Campus police are investigating the distribution of racially-charged stickers and fliers at Ohio Wesleyan and Ohio State universities over the weekend. 

Liz Sines happened to be near campus that night, so she was among the first to see the hundreds of young men who stormed the University of Virginia lawn. They marched in the darkness, tiki torches illuminating their faces as they chanted ugly slurs: "Jews will not replace us!"

Local leaders and activists are condemning an event that took place over the weekend on Sawmill Road by members of the group the Proud Boys.  

It was late August in Charlottesville, Va., two years ago this month, with temperatures pushing into the high 80s. But what then-Mayor Mike Signer remembers most vividly about those days is the cold.

He'd walk into rooms and instantly feel a chill, an iciness, from townsfolk who had lost faith in their leadership. Sometimes people cried, sometimes they screamed.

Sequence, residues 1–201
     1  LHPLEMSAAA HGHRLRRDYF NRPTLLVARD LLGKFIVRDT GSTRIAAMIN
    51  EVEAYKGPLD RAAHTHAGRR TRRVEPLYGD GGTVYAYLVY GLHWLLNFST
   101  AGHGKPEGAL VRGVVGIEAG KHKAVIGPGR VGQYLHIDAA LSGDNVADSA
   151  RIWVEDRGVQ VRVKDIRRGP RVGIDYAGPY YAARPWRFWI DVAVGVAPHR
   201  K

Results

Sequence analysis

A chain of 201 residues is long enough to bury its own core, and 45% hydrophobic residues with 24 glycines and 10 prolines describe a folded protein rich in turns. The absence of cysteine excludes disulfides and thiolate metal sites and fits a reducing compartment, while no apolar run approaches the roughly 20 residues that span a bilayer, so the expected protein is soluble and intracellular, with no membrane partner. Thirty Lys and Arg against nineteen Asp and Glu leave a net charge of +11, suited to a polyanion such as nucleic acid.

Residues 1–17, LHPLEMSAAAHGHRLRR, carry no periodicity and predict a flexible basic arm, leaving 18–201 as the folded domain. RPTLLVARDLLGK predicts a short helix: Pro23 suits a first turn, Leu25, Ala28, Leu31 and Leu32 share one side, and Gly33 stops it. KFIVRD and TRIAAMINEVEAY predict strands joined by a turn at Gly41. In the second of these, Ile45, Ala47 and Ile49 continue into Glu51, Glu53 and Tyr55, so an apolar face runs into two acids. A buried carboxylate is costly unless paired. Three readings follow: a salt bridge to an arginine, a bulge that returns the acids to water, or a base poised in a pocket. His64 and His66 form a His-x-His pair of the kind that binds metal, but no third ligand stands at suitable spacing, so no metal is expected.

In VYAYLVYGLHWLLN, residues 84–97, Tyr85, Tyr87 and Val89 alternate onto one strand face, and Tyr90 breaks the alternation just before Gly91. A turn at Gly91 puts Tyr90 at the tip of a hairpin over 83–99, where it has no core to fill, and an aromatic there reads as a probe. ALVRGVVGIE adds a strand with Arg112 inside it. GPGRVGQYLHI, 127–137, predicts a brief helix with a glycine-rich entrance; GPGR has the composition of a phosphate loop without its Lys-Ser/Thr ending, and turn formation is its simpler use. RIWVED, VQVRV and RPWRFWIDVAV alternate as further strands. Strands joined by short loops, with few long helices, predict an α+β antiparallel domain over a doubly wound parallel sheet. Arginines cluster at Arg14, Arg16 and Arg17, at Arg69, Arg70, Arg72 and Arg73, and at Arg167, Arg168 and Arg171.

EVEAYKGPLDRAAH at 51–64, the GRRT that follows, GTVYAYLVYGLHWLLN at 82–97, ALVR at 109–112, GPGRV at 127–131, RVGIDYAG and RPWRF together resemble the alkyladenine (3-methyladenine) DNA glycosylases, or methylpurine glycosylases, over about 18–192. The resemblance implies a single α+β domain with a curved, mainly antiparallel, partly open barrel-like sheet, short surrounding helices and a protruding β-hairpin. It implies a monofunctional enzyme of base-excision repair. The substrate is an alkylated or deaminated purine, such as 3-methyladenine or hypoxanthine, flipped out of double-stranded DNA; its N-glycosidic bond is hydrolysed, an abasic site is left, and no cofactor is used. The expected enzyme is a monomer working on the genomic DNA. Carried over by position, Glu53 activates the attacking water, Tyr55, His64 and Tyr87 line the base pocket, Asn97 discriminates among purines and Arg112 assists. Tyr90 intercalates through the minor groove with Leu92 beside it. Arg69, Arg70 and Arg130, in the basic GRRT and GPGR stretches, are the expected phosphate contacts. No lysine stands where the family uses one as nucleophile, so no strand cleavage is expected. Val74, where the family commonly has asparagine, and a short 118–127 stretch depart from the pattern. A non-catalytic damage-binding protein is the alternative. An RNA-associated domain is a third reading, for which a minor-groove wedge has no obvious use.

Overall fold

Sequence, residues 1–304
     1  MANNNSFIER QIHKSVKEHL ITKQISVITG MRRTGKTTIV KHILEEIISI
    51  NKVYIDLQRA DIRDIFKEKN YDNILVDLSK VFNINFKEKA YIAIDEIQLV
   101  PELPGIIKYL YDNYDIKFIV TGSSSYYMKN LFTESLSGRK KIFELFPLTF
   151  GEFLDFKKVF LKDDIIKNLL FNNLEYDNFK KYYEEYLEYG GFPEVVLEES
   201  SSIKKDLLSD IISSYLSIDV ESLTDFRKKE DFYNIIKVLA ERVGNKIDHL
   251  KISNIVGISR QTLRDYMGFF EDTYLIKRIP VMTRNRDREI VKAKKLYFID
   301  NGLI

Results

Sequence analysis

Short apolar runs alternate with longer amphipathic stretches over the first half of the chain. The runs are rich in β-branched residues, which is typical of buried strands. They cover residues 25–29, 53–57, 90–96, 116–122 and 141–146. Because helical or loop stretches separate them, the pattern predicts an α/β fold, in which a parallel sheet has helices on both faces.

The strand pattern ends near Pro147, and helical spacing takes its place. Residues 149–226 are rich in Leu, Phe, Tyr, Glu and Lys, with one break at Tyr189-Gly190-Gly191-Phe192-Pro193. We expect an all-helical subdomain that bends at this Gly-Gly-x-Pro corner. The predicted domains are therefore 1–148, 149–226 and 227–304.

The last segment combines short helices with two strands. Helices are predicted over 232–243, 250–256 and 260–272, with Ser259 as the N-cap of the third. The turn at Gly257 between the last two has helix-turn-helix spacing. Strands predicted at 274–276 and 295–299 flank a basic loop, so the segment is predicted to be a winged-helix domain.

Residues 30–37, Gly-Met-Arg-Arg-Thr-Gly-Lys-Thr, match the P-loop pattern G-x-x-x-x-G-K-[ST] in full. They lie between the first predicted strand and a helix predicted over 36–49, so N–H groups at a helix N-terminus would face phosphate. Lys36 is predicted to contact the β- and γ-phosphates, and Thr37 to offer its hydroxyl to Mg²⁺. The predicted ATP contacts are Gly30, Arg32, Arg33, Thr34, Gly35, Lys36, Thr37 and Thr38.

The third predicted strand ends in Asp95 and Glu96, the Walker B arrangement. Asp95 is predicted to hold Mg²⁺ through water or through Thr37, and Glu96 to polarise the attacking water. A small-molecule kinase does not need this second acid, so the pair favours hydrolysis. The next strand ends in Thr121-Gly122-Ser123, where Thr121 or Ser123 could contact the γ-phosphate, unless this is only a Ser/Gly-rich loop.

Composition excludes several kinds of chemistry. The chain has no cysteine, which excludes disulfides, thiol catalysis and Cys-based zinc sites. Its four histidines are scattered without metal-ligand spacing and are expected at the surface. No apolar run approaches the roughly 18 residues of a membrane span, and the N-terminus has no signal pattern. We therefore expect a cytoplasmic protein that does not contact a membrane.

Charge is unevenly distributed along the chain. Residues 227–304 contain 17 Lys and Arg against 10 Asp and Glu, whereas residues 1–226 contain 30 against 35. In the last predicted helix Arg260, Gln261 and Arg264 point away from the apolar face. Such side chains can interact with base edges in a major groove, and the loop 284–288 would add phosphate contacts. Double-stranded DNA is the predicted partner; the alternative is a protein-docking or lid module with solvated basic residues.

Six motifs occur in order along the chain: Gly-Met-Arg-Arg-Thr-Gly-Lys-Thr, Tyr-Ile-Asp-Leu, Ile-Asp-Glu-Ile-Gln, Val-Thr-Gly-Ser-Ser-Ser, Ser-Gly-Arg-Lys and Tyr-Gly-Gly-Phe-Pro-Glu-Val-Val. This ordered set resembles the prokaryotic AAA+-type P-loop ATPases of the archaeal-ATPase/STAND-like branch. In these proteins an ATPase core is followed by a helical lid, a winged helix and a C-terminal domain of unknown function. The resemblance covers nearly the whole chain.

"You had a whole city that basically needed therapy," Signer said.

In September of 1885, a mob of about 150 white men, armed with rifles, descended upon the Chinatown in Rock Springs, Wyo. They issued an ultimatum to the people who lived there: you have an hour to leave town.

The assembled horde was angry at Chinese laborers in the region, who they blamed for keeping the choicest mining areas and depressing their wages. They felt that the Chinese were working the choicest areas of the coal mines, the part that would yield the most coal and thus the most compensation. The Chinese, they felt, were taking what was rightfully theirs.

Beachwood police are investigating a poster denying the Holocaust that was placed on a sign outside a Jewish museum last week.